U.S. Marines with Aircraft Recovery assigned to Headquarters and Headquarters Squadron had an opportunity to train with a mobile version of the Expeditionary Hover Position Indicator at Marine Corps Air Station Iwakuni, Japan, Aug. 9, 2016.
Recovery Marines used the indicator to simulate a helicopter dock deck and aircraft carrier landing environment for the AV-8B Harriers to complete their boat landing certification.
The EHPI is normally attached to a structure, but due to the reconstruction of the Harriers recertification site, pilots used the mobile version, which enables shipboard takeoff, landing and oversight for Marines and sailors on deck. The Marines set up the tower-like visual landing aid by hauling it out to the helicopter runway and raising it to provide approach and landing cues for pilots.
“Today we set up the EHPI for the Harriers we have on base,” said U.S. Marine Corps Cpl. William Norkus, a port crew leader with Aircraft Recovery assigned to H&HS. “The Harriers come in for their vertical landings and takeoffs. We have lights up in the sky that tell the pilots if they’re coming in a little too right or too left, if they’re coming in level-perfect, too high or too low and they use the lights to adjust accordingly so they land perfectly.”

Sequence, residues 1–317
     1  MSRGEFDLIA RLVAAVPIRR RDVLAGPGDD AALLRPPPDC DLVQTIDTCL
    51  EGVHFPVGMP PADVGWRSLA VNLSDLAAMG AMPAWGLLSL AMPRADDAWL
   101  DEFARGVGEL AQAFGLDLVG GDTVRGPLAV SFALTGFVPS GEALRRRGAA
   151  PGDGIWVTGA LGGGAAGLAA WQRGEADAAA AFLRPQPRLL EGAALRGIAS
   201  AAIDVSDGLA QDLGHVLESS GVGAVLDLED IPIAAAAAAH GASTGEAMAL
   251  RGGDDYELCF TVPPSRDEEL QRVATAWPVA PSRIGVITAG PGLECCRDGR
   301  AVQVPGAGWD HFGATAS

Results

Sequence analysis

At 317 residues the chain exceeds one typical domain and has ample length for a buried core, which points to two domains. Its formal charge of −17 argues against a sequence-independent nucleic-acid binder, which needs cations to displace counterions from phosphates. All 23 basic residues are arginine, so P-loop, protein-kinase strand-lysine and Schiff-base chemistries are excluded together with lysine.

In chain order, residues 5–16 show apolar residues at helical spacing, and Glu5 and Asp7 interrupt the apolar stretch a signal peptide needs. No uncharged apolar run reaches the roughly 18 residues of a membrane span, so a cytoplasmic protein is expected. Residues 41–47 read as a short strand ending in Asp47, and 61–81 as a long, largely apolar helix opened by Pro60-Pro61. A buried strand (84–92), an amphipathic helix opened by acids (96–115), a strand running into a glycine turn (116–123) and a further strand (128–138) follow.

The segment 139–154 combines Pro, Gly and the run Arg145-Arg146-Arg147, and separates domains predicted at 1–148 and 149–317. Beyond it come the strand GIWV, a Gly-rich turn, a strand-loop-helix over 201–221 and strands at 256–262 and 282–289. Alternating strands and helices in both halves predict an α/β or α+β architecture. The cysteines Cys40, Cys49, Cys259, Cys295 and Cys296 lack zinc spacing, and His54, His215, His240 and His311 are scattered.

The Marines hauled out and set up the EHPI ensuring they had the space to conduct the training and recertification.
“The Harrier pilots are required to maintain a certain set of qualifications wherever they are,” said U.S. Marine Corps Gunnery Sgt. Charles Maddox, staff non-commissioned officer in charge of Aircraft Recovery assigned to H&HS and Expeditionary Airfields section with MWSS-171. “It’s not always a fact that the facilities are set up for them to conduct training, so we had to modify the runway slightly to provide them an area to recertify in those qualifications.”
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